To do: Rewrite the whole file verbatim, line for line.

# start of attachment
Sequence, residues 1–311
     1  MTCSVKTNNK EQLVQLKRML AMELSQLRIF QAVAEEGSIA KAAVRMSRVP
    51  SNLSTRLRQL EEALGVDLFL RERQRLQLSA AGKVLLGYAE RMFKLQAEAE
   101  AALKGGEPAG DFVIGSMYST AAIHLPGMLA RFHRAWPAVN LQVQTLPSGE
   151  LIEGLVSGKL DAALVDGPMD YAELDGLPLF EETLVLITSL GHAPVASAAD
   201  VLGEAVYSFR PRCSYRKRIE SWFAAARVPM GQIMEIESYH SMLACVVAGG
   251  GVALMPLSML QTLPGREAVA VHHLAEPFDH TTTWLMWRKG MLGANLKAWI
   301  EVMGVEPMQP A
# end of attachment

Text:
Sequence, residues 1–311
     1  MTCSVKTNNK EQLVQLKRML AMELSQLRIF QAVAEEGSIA KAAVRMSRVP
    51  SNLSTRLRQL EEALGVDLFL RERQRLQLSA AGKVLLGYAE RMFKLQAEAE
   101  AALKGGEPAG DFVIGSMYST AAIHLPGMLA RFHRAWPAVN LQVQTLPSGE
   151  LIEGLVSGKL DAALVDGPMD YAELDGLPLF EETLVLITSL GHAPVASAAD
   201  VLGEAVYSFR PRCSYRKRIE SWFAAARVPM GQIMEIESYH SMLACVVAGG
   251  GVALMPLSML QTLPGREAVA VHHLAEPFDH TTTWLMWRKG MLGANLKAWI
   301  EVMGVEPMQP A